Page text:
It was chilly in the apartment; both men were still wearing their outer clothing, black overcoats, black fedoras, black leather gloves. In this city, the appearance of Homicide Division detectives was mandatory at the scene, even though the actual investigation fell to the responding precinct detectives. Monoghan and Monroe liked to think of themselves as supervisory and advisory professionals, creative mentors so to speak. They felt black was a fitting color, or lack of color, for professional Homicide Division mentors. Like two stout giant penquins, shoulders hunched, heads bent, they stood peering down at the dead old woman on the worn carpet. Carella and Hawes, coming into the apartment, had to walk around them to avoid stepping on the corpse.
"Look who's here," Monoghan said, without looking up at them.
Carella and Hawes were freezing cold. On a night like tonight, they didn't feel they needed either advice or supervision, creative or otherwise. All they wanted to do was get on with the job. The area just inside the door smelled of whiskey. This was the first thing both cops registered. The second was the broken bottle in the brown paper bag, lying just out of reach of the old woman's bony arthritic hand. The curled fingers seemed extraordinarily long.
"Been out partying?" Monoghan asked them.
"We've been here twenty minutes already," Monroe said petulantly.
"Big party?" Monoghan asked.
"Traffic," Hawes explained, and shrugged.
He was a tall, broad-shouldered man wearing a woolen tweed overcoat an uncle had sent him from London this past Christmas. It was now the twentieth of January, Christmas long gone, the twenty-first just a heartbeat away—but time was of no consequence in the 87th Precinct. Flecks of red in the coat's fabric looked like sparks that had fallen from his hair onto the coat. His face was red, too, from the cold outside. A streak of white hair over his left temple looked like glare ice. It was the color his fear had been when a burglar slashed him all those years ago. The emergency room doctor had shaved his hair to get at the wound, and it had grown back white. Women told him they found it sexy. He told them it was hard to comb.
"We figure she surprised a burglar," Monroe said. "Bedroom window's still open." He gestured with his head. "We didn't want to touch it till the techs got here."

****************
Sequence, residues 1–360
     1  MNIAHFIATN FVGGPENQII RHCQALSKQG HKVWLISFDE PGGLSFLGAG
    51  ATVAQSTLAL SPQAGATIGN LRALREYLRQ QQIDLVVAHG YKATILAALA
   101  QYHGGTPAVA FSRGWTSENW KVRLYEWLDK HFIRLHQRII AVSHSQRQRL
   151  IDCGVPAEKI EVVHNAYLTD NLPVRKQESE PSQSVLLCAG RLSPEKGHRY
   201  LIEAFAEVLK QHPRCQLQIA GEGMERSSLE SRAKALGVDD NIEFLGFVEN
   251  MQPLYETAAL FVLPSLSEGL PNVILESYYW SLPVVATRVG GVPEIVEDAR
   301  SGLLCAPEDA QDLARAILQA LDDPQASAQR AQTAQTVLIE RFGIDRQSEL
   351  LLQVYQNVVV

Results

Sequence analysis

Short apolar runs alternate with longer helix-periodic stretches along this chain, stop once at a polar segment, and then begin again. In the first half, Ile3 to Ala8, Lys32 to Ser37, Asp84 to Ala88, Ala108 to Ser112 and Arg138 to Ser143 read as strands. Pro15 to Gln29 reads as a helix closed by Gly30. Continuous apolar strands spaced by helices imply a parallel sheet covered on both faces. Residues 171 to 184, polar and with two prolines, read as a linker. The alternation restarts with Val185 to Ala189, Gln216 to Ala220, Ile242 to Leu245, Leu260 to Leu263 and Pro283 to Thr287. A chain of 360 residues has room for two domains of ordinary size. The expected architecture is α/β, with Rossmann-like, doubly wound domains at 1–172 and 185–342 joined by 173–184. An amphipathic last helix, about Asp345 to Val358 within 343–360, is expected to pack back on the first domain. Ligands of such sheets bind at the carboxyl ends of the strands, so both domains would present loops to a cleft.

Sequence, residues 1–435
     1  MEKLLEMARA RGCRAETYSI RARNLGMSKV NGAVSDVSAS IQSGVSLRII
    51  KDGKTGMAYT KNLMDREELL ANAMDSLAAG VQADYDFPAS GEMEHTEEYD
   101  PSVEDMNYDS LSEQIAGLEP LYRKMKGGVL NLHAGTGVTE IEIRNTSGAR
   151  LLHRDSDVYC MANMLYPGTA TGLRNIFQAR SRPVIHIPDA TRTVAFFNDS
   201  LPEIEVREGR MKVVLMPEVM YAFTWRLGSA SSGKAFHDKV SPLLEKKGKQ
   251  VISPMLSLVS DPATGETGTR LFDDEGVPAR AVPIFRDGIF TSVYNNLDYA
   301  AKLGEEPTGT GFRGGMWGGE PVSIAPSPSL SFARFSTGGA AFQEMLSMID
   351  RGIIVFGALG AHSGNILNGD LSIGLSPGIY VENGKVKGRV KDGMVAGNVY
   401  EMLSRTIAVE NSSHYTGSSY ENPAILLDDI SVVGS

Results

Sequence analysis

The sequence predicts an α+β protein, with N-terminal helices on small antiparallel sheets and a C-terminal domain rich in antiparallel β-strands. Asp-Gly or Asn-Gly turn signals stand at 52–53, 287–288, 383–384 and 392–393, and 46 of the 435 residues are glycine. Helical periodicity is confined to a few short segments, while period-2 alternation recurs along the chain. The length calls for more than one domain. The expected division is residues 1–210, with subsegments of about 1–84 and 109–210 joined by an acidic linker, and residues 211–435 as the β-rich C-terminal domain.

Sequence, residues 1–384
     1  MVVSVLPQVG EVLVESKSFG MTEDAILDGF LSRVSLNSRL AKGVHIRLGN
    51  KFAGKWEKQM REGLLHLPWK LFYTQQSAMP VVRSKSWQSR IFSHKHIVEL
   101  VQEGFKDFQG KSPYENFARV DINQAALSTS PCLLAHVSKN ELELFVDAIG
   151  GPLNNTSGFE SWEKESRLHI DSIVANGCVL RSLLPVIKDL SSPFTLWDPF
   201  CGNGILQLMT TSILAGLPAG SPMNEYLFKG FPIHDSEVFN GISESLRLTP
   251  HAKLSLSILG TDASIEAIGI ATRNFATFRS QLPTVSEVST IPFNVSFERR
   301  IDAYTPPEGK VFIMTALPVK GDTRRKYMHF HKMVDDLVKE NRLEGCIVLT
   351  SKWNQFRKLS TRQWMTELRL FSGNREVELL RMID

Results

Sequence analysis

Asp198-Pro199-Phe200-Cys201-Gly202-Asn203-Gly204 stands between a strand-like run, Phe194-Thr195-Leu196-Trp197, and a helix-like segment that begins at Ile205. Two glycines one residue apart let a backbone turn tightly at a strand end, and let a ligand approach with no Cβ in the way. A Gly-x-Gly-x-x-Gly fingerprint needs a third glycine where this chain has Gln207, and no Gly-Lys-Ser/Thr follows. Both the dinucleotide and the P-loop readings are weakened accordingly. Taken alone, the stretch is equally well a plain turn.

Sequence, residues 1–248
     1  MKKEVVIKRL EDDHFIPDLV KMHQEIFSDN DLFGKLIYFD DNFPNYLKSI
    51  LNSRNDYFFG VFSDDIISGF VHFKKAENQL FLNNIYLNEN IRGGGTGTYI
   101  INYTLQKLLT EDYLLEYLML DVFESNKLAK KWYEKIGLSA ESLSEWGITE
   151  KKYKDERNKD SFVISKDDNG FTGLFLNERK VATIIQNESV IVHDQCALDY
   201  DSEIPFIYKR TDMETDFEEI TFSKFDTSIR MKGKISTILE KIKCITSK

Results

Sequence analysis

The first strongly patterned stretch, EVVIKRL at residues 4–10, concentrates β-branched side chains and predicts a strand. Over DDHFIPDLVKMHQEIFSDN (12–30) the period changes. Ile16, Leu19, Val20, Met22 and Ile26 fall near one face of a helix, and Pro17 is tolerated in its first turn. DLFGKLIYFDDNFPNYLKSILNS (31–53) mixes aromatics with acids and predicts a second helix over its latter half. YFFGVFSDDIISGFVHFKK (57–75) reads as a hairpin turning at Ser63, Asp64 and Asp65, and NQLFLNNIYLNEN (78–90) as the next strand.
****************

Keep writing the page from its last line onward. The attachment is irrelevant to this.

"They must be out partying, too," Monoghan said.
"Fire escape just outside the window," Monroe said, gesturing again. "Way he got in."
"Everybody's out partying but us," Monoghan said.
"Old lady here was planning a little party, that's for sure," Monroe said.
"Fifth of cheap booze in the bag," Monoghan said.
"Musta gone down while the liquor stores were still open."
"It's Saturday, they'll be open half the night," Monroe said.
"Didn't want to take any chances."
"Well, she won't have to worry about taking chances anymore," Monroe said.
"Who is she, do you know?" Carella asked.
He had unbuttoned his overcoat, and he stood now in an easy slouch, his hands in his trouser pockets, looking down at the dead woman. Only his eyes betrayed that he was feeling any sort of pain. He was thinking he should have asked Who was she? Because someone had reduced her to nothing but a corpse afloat on cheap whiskey.
"Didn't want to touch her till the M.E. got here," Monroe said.
Please, Carella thought, no par—
"He's probably out partying, too," Monoghan said.
Midnight had come and gone without fanfare.
But morning would feel like night for a long while yet.
To no one's enormous surprise, the medical examiner cited the apparent cause of death as gunshot wounds. This was even before one of the crime scene techs discovered a pair of spent bullets embedded in the door behind the old woman, and another one in the baseboard behind the cat. They looked like they might be thirty-eights, but not even the creative mentors were willing to guess. The tech bagged them and marked them for transport to the lab. There were no latent fingerprints on the windowsill, the sash, or the fire escape outside. No latent footprints, either. To everyone's great relief, the tech who'd been out there came back in and closed the window behind him.
The coats came off.
The building superintendent told them the dead woman was Mrs. Helder. He said he thought she was Russian or something. Or German, he wasn't sure. He said she'd been living there for almost three years. Very quiet person, never caused any trouble. But he thought she drank a little.